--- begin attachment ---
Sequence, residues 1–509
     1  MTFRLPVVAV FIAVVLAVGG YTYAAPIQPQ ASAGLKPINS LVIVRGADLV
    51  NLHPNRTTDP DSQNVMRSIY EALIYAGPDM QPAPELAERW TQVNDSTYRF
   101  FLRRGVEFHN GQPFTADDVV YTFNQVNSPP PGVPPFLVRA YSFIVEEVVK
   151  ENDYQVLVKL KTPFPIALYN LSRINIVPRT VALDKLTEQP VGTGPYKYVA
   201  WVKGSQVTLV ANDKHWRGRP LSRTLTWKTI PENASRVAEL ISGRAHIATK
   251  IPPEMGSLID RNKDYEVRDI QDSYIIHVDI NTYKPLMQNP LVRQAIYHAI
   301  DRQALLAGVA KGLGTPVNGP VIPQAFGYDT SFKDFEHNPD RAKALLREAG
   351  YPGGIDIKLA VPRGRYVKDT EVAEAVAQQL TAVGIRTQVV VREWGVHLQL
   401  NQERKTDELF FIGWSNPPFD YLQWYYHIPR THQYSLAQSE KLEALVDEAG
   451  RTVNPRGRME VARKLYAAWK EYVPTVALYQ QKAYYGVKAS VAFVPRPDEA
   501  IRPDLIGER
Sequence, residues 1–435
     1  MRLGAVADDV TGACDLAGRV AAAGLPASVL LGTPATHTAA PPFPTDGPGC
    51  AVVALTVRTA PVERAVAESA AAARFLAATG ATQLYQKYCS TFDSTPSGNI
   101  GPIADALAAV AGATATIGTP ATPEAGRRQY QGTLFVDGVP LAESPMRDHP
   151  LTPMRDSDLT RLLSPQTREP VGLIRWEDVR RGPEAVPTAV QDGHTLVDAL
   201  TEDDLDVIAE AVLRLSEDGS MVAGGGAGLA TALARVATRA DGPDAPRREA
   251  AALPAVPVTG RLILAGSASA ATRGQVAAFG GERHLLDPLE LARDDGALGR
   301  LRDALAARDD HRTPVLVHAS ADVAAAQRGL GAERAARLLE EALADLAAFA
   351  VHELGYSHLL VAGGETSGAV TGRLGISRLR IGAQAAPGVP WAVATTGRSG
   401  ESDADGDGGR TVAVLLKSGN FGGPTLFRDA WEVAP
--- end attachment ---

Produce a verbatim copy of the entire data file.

Sequence, residues 1–509
     1  MTFRLPVVAV FIAVVLAVGG YTYAAPIQPQ ASAGLKPINS LVIVRGADLV
    51  NLHPNRTTDP DSQNVMRSIY EALIYAGPDM QPAPELAERW TQVNDSTYRF
   101  FLRRGVEFHN GQPFTADDVV YTFNQVNSPP PGVPPFLVRA YSFIVEEVVK
   151  ENDYQVLVKL KTPFPIALYN LSRINIVPRT VALDKLTEQP VGTGPYKYVA
   201  WVKGSQVTLV ANDKHWRGRP LSRTLTWKTI PENASRVAEL ISGRAHIATK
   251  IPPEMGSLID RNKDYEVRDI QDSYIIHVDI NTYKPLMQNP LVRQAIYHAI
   301  DRQALLAGVA KGLGTPVNGP VIPQAFGYDT SFKDFEHNPD RAKALLREAG
   351  YPGGIDIKLA VPRGRYVKDT EVAEAVAQQL TAVGIRTQVV VREWGVHLQL
   401  NQERKTDELF FIGWSNPPFD YLQWYYHIPR THQYSLAQSE KLEALVDEAG
   451  RTVNPRGRME VARKLYAAWK EYVPTVALYQ QKAYYGVKAS VAFVPRPDEA
   501  IRPDLIGER
Sequence, residues 1–435
     1  MRLGAVADDV TGACDLAGRV AAAGLPASVL LGTPATHTAA PPFPTDGPGC
    51  AVVALTVRTA PVERAVAESA AAARFLAATG ATQLYQKYCS TFDSTPSGNI
   101  GPIADALAAV AGATATIGTP ATPEAGRRQY QGTLFVDGVP LAESPMRDHP
   151  LTPMRDSDLT RLLSPQTREP VGLIRWEDVR RGPEAVPTAV QDGHTLVDAL
   201  TEDDLDVIAE AVLRLSEDGS MVAGGGAGLA TALARVATRA DGPDAPRREA
   251  AALPAVPVTG RLILAGSASA ATRGQVAAFG GERHLLDPLE LARDDGALGR
   301  LRDALAARDD HRTPVLVHAS ADVAAAQRGL GAERAARLLE EALADLAAFA
   351  VHELGYSHLL VAGGETSGAV TGRLGISRLR IGAQAAPGVP WAVATTGRSG
   401  ESDADGDGGR TVAVLLKSGN FGGPTLFRDA WEVAP